Meals from Little Sous’s “Eat the Rainbow” series (clockwise from top left): yogurt with “unicorn dust” made from freeze-dried fruits; ice pops; young cooks Bryce Montoya and Jane Miltenberger; “psychedelic pasta” boiled with red cabbage

As soon as her daughter was old enough to sit up, Kelly Montoya put a spatula in the baby’s hand. But years later, when the Portland-based media specialist (and former publisher of this magazine) set out to buy a cookbook for Bryce, by then 9, she came up empty-handed.

“The content was very dated,” she says. “It was a lot of the same foods over and over again: mac and cheese, pizza, hamburgers....”

So, in 2017, Montoya cofounded Little Sous, a cooking program that aims to teach grade schoolers how to make more than just junk—and to help reinvent the concept of “kid-friendly” foods. With original recipes sourced from some of the city’s most celebrated chefs, Little Sous teaches kids from 5 to 12 how to make restaurant-worthy dishes, from cardamom poached pears and sauerkraut to ratatouille tian.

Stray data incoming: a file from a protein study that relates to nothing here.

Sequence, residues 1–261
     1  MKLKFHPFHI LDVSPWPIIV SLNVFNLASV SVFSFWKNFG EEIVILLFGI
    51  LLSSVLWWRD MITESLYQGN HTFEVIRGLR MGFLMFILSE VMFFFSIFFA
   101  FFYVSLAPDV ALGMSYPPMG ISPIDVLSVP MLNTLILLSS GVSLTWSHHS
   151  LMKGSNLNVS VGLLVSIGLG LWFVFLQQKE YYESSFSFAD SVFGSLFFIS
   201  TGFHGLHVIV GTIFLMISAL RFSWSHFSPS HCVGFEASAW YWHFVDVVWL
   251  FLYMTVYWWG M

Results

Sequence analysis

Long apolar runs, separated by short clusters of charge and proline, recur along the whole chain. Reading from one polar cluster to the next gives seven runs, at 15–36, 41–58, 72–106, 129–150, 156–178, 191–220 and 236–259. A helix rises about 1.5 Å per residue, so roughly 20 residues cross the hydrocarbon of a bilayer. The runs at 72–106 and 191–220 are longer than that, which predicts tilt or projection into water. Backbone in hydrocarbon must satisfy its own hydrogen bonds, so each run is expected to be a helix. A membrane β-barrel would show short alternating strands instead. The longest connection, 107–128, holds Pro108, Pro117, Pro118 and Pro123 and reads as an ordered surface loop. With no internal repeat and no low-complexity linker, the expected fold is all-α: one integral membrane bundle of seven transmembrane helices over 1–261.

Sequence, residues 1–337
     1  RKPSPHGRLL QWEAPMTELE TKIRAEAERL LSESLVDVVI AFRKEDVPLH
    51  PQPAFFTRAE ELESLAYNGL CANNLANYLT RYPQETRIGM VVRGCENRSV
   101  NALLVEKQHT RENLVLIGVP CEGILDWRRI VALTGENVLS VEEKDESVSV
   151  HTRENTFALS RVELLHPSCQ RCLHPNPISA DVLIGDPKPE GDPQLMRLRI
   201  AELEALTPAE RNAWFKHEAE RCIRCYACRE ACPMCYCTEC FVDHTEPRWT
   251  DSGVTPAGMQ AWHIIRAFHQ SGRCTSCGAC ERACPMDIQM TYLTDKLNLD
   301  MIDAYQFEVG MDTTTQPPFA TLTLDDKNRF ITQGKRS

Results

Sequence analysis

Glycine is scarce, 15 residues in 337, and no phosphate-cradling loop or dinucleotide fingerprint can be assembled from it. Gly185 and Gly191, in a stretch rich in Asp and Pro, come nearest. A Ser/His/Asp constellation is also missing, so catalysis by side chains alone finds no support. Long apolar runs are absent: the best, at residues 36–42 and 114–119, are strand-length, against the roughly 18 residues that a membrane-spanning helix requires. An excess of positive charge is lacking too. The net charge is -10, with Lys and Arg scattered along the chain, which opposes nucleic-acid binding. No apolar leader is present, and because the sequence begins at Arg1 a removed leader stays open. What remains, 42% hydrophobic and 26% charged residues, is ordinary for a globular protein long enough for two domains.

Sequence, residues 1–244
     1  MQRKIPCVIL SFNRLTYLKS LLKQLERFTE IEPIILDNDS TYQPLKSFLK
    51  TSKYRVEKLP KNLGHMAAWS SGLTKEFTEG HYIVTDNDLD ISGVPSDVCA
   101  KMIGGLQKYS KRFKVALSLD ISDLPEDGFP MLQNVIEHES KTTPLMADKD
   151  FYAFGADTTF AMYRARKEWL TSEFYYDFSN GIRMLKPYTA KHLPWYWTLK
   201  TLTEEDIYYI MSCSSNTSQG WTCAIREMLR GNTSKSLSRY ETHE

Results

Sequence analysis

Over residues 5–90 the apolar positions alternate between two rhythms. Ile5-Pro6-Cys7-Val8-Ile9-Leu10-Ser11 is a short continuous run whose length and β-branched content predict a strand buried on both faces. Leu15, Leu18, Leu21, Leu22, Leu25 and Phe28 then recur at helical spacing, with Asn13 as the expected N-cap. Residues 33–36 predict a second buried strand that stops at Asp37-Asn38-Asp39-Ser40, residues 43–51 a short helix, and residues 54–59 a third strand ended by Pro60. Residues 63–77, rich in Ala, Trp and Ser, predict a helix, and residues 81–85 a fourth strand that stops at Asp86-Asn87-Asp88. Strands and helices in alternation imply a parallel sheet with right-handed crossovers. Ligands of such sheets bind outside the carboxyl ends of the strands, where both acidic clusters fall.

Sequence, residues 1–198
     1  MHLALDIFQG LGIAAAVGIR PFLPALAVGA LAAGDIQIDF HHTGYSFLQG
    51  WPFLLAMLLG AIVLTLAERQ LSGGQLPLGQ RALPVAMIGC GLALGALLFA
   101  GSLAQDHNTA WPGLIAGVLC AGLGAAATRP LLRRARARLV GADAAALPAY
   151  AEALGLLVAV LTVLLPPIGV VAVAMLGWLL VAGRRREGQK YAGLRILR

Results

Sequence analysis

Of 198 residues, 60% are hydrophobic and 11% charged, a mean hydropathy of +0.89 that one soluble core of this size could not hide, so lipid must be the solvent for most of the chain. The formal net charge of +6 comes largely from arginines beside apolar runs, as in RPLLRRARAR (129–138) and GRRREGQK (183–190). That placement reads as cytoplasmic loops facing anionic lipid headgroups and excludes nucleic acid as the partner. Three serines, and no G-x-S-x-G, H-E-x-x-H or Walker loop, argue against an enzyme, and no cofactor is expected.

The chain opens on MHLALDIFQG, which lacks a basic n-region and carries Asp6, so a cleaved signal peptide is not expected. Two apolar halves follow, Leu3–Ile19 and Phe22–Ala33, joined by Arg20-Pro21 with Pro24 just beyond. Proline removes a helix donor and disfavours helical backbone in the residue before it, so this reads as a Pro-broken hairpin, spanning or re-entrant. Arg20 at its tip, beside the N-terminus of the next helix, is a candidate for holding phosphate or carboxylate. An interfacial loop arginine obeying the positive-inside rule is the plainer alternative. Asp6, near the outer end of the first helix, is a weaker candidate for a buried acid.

Families can find free tips online from Country Cat co-owner Jackie Sappington and Ox’s James Beard award–winning Gabrielle Quiñonez Denton for, say, improving scrambled eggs. (Quiñonez Denton recommends whisking cottage cheese into the eggs to make them “extra fluffy.”) And as of this fall, there are pop-up cooking classes and events, like a chef’s tasting table with Le Pigeon’s Gabriel Rucker or a lesson on how to incorporate fresh herbs into homemade sausages taught by Noble Rot’s Leather Storrs. There’s also the Little Sous Kitchen Academy, a monthly themed subscription box (think Blue Apron for kids) that costs about $25 a month.

“The recipes are designed to be done by children, or have children take the lead, so kids can be a little more active in the cooking process,” says parent and subscriber Katrina de Boer, adding that her 7- and 10-year-old were able to make ricotta cheese from scratch with minimal assistance.

If all this translates to adolescent aspiring cuisiniers whipping up curried sloppy joes or coconut–green onion biscuits for us elders, we certainly won’t complain. Bryce, now 11, recently claimed Friday as her night to cook.

“Kids can get grounded in their own palates, their own tastes, and their own sensibilities,” says Montoya. “They learn how to nurture their own bodies. And cooking teaches them how to nurture other people.”

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